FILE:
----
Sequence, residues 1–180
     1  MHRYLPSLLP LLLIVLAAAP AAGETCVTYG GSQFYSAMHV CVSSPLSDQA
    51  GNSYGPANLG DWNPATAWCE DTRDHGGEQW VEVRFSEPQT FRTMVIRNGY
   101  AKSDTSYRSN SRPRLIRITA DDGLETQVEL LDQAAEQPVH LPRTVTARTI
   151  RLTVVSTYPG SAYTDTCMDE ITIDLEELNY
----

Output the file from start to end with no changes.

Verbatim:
Sequence, residues 1–180
     1  MHRYLPSLLP LLLIVLAAAP AAGETCVTYG GSQFYSAMHV CVSSPLSDQA
    51  GNSYGPANLG DWNPATAWCE DTRDHGGEQW VEVRFSEPQT FRTMVIRNGY
   101  AKSDTSYRSN SRPRLIRITA DDGLETQVEL LDQAAEQPVH LPRTVTARTI
   151  RLTVVSTYPG SAYTDTCMDE ITIDLEELNY